Ssalarn wrote:
Kthulhu wrote:
Excaliburproxy wrote:
I have discussed repeatedly how the core mechanics and design philosophy (with its limited numbers of feats over 20 levels and small number of class decisions) is built around giving players far fewer choices over their adventuring career than Pathfinder, 3e, or 4e.

System A offers you two choices: a $20 coupon to Wal-Mart, or a $20 coupon to Target.

System B offers you 16 choices: a $20 coupon to Wal-Mart, or your choice of 15 guys who will punch you in the face.

Is System B automatically a better system due to offering more choices?

That's a ludicrous comparison and not at all accurate. As I mentioned earlier in this thread, the messageboards have distorted the idea of "trap feats" to ridiculous levels. There are actually very few trap feats in Pathfinder, and most of the ones that truly are get fixed when the design team is made aware of them (like Prone Shooter).

There are situational feats, and I consider that a plus as Pathfinder is a robust gaming system capable of supporting all manner of playstyles. Say I want to make a heavily armored chariot driver. In 5e I could maybe take a feat that gives me Heavy Armor proficiency and a +1 to (I believe, book's not in front of me) Strength at level 4. Alternatively, I could play Pathfinder and take 1 feat to give me heavy armor proficiency, one feat to make me a better pilot/driver, a stat point to whatever stat I want, and numerous skill points to fine tune and customize my character to whatever I want him to do.

There are very few actual trap feats in the sense of feats that are completely useless. There are an awful lot of feats that are really only useful as part of a specific build designed to take advantage of them. But often they require you to spot the hidden combination that makes them actually useful. If you don't, they either look pointless, which isn't too bad or they look generally useful at first glance, so newbies take them because they fit the concept but don't realize how much better other options or specific combinations are.

And then there are the feat taxes and the chains. In many cases you get trapped if you don't plan your build out from the start and take feats that aren't very attractive, except that they let you take other good feats later.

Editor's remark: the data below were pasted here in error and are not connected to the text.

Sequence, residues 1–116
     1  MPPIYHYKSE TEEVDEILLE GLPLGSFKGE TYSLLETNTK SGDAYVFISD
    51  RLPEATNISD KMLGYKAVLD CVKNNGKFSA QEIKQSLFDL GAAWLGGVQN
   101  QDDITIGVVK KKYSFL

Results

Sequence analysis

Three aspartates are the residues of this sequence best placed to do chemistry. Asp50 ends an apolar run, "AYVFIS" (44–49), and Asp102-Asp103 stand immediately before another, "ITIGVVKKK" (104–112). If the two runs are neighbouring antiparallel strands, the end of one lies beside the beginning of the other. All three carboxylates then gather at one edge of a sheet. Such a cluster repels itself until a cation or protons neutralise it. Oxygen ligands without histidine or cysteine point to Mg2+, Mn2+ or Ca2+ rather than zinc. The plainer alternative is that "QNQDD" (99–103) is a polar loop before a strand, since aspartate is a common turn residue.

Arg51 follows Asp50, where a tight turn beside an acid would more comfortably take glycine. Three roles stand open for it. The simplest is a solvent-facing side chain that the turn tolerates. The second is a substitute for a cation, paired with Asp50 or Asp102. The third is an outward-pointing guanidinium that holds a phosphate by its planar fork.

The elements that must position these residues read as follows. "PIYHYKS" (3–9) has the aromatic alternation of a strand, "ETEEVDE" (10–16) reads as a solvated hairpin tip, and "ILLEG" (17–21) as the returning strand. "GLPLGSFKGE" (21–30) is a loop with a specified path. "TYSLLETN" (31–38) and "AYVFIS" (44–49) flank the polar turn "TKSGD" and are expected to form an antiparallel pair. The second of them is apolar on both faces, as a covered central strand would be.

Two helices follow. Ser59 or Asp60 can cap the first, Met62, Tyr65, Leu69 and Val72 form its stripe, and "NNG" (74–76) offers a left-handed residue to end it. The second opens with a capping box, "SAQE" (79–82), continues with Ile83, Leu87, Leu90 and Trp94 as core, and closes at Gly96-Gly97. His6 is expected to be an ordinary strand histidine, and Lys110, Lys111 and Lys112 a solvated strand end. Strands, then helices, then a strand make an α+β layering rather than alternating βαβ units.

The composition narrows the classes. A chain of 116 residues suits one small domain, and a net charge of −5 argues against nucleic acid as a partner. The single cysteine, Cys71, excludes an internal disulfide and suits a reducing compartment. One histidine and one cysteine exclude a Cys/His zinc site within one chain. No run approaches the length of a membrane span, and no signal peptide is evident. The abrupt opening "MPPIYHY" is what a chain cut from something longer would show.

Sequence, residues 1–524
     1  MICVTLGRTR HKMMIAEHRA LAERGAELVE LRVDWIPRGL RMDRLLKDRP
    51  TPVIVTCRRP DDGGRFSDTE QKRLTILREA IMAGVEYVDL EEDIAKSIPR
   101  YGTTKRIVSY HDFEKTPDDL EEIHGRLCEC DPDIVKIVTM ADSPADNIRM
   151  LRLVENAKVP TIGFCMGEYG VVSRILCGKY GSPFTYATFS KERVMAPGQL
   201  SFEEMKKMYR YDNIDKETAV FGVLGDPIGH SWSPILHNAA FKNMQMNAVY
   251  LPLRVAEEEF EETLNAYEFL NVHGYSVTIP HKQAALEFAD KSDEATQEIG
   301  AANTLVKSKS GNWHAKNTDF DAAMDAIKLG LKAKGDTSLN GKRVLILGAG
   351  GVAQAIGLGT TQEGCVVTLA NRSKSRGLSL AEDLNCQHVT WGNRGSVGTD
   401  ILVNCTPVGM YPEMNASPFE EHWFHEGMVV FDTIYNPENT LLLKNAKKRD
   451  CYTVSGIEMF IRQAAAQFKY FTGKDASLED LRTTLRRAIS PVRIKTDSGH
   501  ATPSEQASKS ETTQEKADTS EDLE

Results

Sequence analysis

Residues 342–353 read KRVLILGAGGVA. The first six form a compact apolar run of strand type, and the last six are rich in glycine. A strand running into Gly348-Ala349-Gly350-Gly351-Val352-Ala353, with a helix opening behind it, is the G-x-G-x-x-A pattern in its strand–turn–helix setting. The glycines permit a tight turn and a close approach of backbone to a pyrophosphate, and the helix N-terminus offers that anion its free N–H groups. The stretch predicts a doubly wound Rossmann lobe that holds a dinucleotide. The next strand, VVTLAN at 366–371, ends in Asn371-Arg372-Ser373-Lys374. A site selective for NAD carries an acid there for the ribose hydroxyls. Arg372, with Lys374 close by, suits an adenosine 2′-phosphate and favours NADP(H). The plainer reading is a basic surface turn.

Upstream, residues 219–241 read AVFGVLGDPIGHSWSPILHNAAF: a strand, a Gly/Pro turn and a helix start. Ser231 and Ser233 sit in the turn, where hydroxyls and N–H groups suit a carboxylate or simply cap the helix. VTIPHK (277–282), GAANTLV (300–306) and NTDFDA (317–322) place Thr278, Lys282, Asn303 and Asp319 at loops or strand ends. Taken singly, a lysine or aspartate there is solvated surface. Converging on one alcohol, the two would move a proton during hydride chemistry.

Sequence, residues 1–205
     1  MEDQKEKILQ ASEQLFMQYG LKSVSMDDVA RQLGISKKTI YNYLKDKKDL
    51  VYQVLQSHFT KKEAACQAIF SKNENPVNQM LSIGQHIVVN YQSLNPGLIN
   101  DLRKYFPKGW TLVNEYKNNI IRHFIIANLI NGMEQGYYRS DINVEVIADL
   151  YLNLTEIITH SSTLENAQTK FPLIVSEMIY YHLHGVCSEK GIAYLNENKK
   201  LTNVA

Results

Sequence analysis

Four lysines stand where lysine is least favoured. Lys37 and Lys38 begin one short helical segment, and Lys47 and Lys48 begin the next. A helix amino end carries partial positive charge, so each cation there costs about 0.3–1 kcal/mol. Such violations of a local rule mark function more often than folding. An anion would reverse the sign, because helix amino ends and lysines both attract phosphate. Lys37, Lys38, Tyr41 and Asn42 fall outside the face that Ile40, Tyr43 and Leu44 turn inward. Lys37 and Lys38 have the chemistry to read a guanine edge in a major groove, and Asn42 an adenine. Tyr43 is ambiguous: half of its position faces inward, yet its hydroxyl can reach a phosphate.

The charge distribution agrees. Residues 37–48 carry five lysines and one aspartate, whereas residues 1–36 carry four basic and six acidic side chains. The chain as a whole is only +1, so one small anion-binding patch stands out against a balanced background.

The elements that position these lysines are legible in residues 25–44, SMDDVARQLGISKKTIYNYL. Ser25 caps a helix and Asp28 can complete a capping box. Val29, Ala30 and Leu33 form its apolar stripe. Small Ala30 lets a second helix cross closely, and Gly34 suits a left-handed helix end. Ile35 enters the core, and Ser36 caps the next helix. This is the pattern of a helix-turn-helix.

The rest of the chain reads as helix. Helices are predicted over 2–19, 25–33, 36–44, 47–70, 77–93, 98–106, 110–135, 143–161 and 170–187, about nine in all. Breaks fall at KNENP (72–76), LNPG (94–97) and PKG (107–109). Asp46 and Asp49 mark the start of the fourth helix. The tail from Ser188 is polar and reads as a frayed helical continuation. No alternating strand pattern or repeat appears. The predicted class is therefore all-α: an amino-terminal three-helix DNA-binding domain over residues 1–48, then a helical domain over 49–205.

Pathfinder has a great build game. For those that are into it, that's wonderful. For those who are more interested in actual game play than in character design, it's not quite so wonderful.

Personally, I'd rather have a robust gaming system that let's me play all sorts of characters without necessarily so much mechanical differentiation, rather than one that requires different complex builds for every concept. I'm also amused at the common claim that PF is so robust you can build anything you want contrasted with the joy at the concepts that can be made with each new rulebook.


Malachi Silverclaw wrote:

From 3E onward, multi-classing for a martial was fine and even advantageous. Multiclassing for a full caster was insane before they thought of the '+1 to spellcasting level' for PrCs, and still limited after that. PF nerfed even that option by denying learning new spells as part of that '+1 level' mechanic.

Meanwhile, 5E has finalyy tackled multiclassing casters in a way that previous editions never even attempted. It is better, because there is no competing mechanic to be better than!

How effective the 5E multiclass mechanic for casters will be in the long run, I don't know yet, but I'm confident that it will be better than nothing.

How do they handle multiclassing for casters? I've only seen the basic rules so far.


Lord Snow wrote:
thejeff wrote:


Now, I wasn't there so I can't comment on his perception of the attendees and I don't think I'd draw the same conclusions, but it's not quite the same as "it's racist that the staff was minority". I've seen that kind of thing in other circumstances and once you notice it, it is disturbing. And I can imagine how much more so it must be when your appearance matches the staff, not the guests.

Correia's argument, that the overwhelming white majority is a result of momentum from the early days of the game's existence, is a pretty strong answer for that. I doubt that anyone will prevent anyone from joining the stuff because of their ethnicity, and I doubt that most people of ethnicity fell they wouldn't be welcome because of their skin color.

Just for comparison, imagine a man arriving to, I don't know, a knitting convention or something, and discovering that the place is predominantly populated by women. Would be pretty funny of him to accuse those women of hidden sexism, I think. There's nothing about knitting that makes it into a hobby males should be excluded from except for social norms - exactly like roleplaying games and ethnic people.

If his issue is that the social norm is for white people to play roleplaying games, then he is complaining to the wrong crowed. If he somehow blames roleplayers for not being inclusive enough, I think he is being unfair and irrational. Either way, it's hard to take him very seriously.